【灭在】【量几】【大工】【界中】【加入】But nobody then thought I was right to go. To become clerk to an Irish surveyor, in Connaught, with a salary of £100 a year, at twenty-six years of age! I did not think it right even myself — except that anything was right which would take me away from the General Post Office and from London.【隐身】【证实】【不能】【太古】【援大】The critics will again say that all this may be very well as to the rough work of the author’s own brain, but it will be very far from well in reference to the style in which that work has been given to the public. After all, the vehicle which a writer uses for conveying his thoughts to the public should not be less important to him than the thoughts themselves. An author can hardly hope to be popular unless he can use popular language. That is quite true; but then comes the question of achieving a popular — in other words, I may say, a good and lucid style. How may an author best acquire a mode of writing which shall be agreeable and easily intelligible to the reader? He must be correct, because without correctness he can be neither agreeable nor intelligible. Readers will expect him to obey those rules which they, consciously or unconsciously, have been taught to regard as binding on language; and unless he does obey them, he will disgust. Without much labour, no writer will achieve such a style. He has very much to learn; and, when he has learned that much, he has to acquire the habit of using what he has learned with ease. But all this must be learned and acquired — not while he is writing that which shall please, but long before. His language must come from him as music comes from the rapid touch of the great performer’s fingers; as words come from the mouth of the indignant orator; as letters fly from the fingers of the trained compositor; as the syllables tinkled out by little bells form themselves to the ear of the telegraphist. A man who thinks much of his words as he writes them will generally leave behind him work that smells of oil. I speak here, of course, of prose; for in poetry we know what care is necessary, and we form our taste accordingly.【剑朗】【蕴给】

【容易】【力量】【于仙】【不够】【气三】The Vicar of Bullhampton was written chiefly with the object of exciting not only pity but sympathy for fallen woman, and of raising a feeling of forgiveness for such in the minds of other women. I could not venture to make this female the heroine of my story. To have made her a heroine at all would have been directly opposed to my purpose. It was necessary therefore that she should be a second-rate personage in the tale — but it was with reference to her life that the tale was written, and the hero and the heroine with their belongings are all subordinate. To this novel I affixed a preface — in doing which I was acting in defiance of my old-established principle. I do not know that any one read it; but as I wish to have it read, I will insert it here again:—【出现】【和三】【到灵】【都已】【静了】And my father, though he would try, as it were by a side wind, to get a useful spurt of work out of me, either in the garden or in the hay-field, had constantly an eye to my scholastic improvement. From my very babyhood, before those first days at Harrow, I had to take my place alongside of him as he shaved at six o’clock in the morning, and say my early rules from the Latin Grammar, or repeat the Greek alphabet; and was obliged at these early lessons to hold my head inclined towards him, so that in the event of guilty fault, he might be able to pull my hair without stopping his razor or dropping his shaving-brush. No father was ever more anxious for the education of his children, though I think none ever knew less how to go about the work. Of amusement, as far as I can remember, he never recognised the need. He allowed himself no distraction, and did not seem to think it was necessary to a child. I cannot bethink me of aught that he ever did for my gratification; but for my welfare — for the welfare of us all — he was willing to make any sacrifice. At this time, in the farmhouse at Harrow Weald, he could not give his time to teach me, for every hour that he was not in the fields was devoted to his monks and nuns; but he would require me to sit at a table with Lexicon and Gradus before me. As I look back on my resolute idleness and fixed determination to make no use whatever of the books thus thrust upon me, or of the hours, and as I bear in mind the consciousness of great energy in after-life, I am in doubt whether my nature is wholly altered, or whether his plan was wholly bad. In those days he never punished me, though I think I grieved him much by my idleness; but in passion he knew not what he did, and he has knocked me down with the great folio Bible which he always used. In the old house were the two first volumes of Cooper’s novel, called The Prairie, a relic — probably a dishonest relic — of some subscription to Hookham’s library. Other books of the kind there was none. I wonder how many dozen times I read those two first volumes.【是在】【来历】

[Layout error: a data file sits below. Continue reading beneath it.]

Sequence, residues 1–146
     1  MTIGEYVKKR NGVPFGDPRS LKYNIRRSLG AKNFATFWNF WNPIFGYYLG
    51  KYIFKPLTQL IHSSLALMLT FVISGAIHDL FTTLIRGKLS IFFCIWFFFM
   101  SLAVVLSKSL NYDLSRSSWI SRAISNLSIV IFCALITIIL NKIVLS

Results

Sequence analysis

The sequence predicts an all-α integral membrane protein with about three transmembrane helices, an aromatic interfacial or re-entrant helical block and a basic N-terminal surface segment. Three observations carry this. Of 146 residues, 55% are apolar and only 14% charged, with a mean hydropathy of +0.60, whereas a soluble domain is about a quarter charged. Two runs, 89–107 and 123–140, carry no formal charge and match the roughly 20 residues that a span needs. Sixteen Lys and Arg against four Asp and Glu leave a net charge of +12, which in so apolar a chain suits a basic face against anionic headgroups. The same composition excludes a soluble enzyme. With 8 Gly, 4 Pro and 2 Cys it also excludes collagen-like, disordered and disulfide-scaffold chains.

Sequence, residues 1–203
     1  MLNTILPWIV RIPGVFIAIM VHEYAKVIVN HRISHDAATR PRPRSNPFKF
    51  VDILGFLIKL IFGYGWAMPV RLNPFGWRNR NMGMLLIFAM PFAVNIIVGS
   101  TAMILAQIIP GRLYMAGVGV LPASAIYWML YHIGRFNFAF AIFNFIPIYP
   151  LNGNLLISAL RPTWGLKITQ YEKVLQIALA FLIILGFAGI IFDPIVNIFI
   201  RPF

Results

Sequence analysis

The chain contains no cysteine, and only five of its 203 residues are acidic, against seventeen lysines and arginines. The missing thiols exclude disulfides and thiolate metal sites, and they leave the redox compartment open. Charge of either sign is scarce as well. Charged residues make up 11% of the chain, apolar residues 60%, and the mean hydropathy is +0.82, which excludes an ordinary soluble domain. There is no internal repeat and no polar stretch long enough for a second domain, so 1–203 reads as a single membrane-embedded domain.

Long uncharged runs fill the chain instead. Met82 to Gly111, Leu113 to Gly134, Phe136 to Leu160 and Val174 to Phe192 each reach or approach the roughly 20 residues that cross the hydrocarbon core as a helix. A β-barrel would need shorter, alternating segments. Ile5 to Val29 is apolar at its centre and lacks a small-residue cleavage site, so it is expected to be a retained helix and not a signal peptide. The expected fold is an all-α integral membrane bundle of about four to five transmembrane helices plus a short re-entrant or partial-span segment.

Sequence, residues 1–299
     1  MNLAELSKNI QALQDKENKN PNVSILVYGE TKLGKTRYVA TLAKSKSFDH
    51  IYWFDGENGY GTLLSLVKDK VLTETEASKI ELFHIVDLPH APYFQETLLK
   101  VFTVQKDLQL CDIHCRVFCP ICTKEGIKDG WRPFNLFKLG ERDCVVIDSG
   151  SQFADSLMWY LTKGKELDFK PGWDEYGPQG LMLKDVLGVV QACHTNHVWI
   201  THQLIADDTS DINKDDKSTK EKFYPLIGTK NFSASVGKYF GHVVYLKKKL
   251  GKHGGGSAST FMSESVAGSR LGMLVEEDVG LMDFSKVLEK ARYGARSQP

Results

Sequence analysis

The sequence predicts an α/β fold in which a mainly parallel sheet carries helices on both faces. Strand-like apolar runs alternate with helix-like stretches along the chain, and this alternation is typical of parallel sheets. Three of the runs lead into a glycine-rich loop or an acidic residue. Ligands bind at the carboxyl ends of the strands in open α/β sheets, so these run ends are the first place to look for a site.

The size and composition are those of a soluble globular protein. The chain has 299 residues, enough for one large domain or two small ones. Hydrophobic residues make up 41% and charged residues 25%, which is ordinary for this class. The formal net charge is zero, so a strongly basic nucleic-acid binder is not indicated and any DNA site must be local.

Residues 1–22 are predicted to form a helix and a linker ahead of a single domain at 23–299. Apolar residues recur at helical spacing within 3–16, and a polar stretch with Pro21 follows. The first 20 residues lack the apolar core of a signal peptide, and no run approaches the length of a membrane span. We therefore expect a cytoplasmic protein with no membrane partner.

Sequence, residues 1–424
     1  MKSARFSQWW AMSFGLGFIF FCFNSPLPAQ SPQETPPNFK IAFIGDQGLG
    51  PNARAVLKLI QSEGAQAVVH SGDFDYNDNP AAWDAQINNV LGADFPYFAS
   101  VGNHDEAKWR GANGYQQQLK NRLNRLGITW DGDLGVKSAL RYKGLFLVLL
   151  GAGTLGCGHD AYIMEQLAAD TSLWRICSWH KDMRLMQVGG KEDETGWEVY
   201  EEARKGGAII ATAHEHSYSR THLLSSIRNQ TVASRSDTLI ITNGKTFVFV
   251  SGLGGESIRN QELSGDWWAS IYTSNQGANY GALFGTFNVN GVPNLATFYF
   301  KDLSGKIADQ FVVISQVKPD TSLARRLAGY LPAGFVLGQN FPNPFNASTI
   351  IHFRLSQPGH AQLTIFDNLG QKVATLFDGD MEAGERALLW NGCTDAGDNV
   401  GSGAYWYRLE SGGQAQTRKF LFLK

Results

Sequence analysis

【身影】【煎熬】【江长】【被集】【进行】The American Postal Treaty — The Question 0f Copyright with America — Four More Novels【命名】【有八】【条神】【对冥】【这一】But The Eustace Diamonds achieved the success which it certainly did attain, not as a love-story, but as a record of a cunning little woman of pseudo-fashion, to whom, in her cunning, there came a series of adventures, unpleasant enough in themselves, but pleasant to the reader. As I wrote the book, the idea constantly presented itself to me that Lizzie Eustace was but a second Becky Sharpe; but in planning the character I had not thought of this, and I believe that Lizzie would have been just as she is though Becky Sharpe had never been described. The plot of the diamond necklace is, I think, well arranged, though it produced itself without any forethought. I had no idea of setting thieves after the bauble till I had got my heroine to bed in the inn at Carlisle; nor of the disappointment of the thieves, till Lizzie had been wakened in the morning with the news that her door had been broken open. All these things, and many more, Wilkie Collins would have arranged before with infinite labour, preparing things present so that they should fit in with things to come. I have gone on the very much easier plan of making everything as it comes fit in with what has gone before. At any rate, the book was a success, and did much to repair the injury which I felt had come to my reputation in the novel-market by the works of the last few years. I doubt whether I had written anything so successful as The Eustace Diamonds. since The Small House at Allington. I had written what was much better — as, for instance, Phineas Finn and Nina Balatka; but that is by no means the same thing.【就是】【你敲】